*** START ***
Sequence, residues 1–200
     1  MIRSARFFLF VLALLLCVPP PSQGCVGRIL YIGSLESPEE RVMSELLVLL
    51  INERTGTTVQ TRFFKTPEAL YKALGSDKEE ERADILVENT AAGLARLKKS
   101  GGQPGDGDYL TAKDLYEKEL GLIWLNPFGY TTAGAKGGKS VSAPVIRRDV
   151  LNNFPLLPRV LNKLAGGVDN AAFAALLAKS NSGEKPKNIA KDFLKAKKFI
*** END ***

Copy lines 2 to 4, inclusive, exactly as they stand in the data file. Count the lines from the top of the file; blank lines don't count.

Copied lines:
     1  MIRSARFFLF VLALLLCVPP PSQGCVGRIL YIGSLESPEE RVMSELLVLL
    51  INERTGTTVQ TRFFKTPEAL YKALGSDKEE ERADILVENT AAGLARLKKS
   101  GGQPGDGDYL TAKDLYEKEL GLIWLNPFGY TTAGAKGGKS VSAPVIRRDV